French banks are cutting branches at a slower pace than Spanish peers, trimming only 79 in 2012, according to ECB data.
It had shed less than 3 percent of its network in the four years to the end of 2012, while 5 percent of UK branches and more than 8 percent of German ones pulled down the shutters for the last time. The number of branches plummeted by a third in Denmark and by a quarter in the Netherlands.
A flurry of Spanish bank mergers in the past three years in part explains the deep cuts. A 2008 property crash that gutted banks’ earnings and led to a European rescue added urgency to the cull as the economy fell into recession for the best part of the last five years.
The country shed nearly 700 more branches in the first three months of 2013, data from the Bank of Spain showed.
“In Spain, the economic problems have been a catalyst. Perhaps without that things could have carried on the way they were for a little longer,” said a Madrid-based banker from Barclays (BARC.L).
Subsidising unprofitable branches is a luxury few can now afford. Branches account for around 60 percent of retail banking costs, including property and refurbishment spending as well as staff pay, Deutsche Bank researchers estimated.
Formats such as internet banking are adding to the incentive to shut outlets. These could yield 15 billion to 20 billion euros in extra earnings by 2021 for European banks, according to consultants McKinsey and industry body the European Financial Management and Marketing Association.
In France, major banks such as BNP Paribas (BNPP.PA), Societe Generale (SOGN.PA) and Credit Agricole (CAGR.PA) have made clear their intention to cut costs as retail revenues are squeezed by belt-tightening consumers.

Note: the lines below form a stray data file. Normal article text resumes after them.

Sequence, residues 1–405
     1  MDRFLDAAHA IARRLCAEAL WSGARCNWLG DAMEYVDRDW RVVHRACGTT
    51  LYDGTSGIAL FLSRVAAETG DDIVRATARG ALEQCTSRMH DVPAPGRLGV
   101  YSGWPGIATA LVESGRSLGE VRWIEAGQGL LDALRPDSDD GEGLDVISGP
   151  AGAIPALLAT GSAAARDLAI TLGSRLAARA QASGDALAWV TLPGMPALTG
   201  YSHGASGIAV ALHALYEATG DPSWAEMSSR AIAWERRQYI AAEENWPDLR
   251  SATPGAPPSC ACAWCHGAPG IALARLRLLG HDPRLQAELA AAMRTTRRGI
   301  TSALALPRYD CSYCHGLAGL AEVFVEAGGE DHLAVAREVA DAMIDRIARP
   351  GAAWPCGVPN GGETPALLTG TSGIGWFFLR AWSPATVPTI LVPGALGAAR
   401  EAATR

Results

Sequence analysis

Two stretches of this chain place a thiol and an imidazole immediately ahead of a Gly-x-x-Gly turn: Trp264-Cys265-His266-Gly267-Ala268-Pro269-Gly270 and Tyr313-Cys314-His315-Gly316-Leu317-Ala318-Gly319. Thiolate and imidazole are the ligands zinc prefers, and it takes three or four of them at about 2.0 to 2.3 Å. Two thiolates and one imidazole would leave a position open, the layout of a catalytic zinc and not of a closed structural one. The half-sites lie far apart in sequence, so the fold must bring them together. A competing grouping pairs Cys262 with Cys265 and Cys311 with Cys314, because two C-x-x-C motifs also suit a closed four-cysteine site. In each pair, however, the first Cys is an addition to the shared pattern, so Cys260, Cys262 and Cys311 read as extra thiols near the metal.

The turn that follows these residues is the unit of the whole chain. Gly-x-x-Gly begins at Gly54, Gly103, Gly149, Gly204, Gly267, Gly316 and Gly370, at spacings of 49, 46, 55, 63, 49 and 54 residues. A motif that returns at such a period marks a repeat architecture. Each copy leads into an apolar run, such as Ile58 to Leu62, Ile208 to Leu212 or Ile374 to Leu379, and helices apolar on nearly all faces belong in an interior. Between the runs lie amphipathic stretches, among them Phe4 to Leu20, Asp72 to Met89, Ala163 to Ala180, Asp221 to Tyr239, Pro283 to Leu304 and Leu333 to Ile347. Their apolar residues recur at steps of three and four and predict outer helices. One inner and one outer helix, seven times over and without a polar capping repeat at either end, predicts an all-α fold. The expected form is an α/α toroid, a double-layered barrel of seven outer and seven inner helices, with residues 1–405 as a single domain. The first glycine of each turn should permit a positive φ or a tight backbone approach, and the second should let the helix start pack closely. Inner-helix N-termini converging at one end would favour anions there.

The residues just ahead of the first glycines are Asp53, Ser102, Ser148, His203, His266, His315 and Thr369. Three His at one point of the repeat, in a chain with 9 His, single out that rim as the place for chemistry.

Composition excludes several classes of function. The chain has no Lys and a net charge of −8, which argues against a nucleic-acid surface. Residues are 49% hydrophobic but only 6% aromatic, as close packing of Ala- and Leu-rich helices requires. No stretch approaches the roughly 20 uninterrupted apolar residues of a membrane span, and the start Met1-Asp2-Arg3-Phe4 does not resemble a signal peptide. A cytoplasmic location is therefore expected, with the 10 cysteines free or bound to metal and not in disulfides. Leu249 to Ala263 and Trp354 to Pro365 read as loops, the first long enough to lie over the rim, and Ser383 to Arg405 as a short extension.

In Britain, with a branch network one-third of France’s or Spain’s, banks have almost halved branch numbers since 1990. Senior bankers privately say a network of 700-800 outlets would be an optimal size for a bank covering all of Britain. None of the big five have so few. Lloyds (LLOY.L) has three times that (2,260), and Royal Bank of Scotland (RBS.L) more than twice (1,750), excluding almost 1,000 branches they are already selling between them.
Cuts across Europe should allow banks to improve the branches that remain, and many are targeting a “look and feel” akin to the stores of consumer electronics powerhouse Apple (AAPL.O), combining tellers and technology.
But it’s a transition that risks leaving millions of clients behind, unless banks keep up minimal physical services. In Corral de Ayllon, a Spanish village of 60-odd inhabitants near Maderuelo, where most people are farmers or pensioners, changing habits will be hard.
Like many in the village, retired local farmer Tomas Aribas withdraws cash using account booklets and fears that in future the banking service might be inaccessible to him and his neighbours.
“We’d have to learn about the Internet to be able to use it,” he said.
Additional reporting by Christian Plumb in Paris, Laura Noonan and Steve Slater in London; Editing by Will Waterman